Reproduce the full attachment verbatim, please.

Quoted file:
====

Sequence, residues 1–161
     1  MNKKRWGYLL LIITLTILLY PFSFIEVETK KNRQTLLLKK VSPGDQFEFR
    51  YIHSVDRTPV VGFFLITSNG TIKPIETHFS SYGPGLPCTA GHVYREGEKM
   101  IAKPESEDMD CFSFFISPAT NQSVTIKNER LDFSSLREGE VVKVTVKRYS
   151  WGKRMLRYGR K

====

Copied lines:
Sequence, residues 1–161
     1  MNKKRWGYLL LIITLTILLY PFSFIEVETK KNRQTLLLKK VSPGDQFEFR
    51  YIHSVDRTPV VGFFLITSNG TIKPIETHFS SYGPGLPCTA GHVYREGEKM
   101  IAKPESEDMD CFSFFISPAT NQSVTIKNER LDFSSLREGE VVKVTVKRYS
   151  WGKRMLRYGR K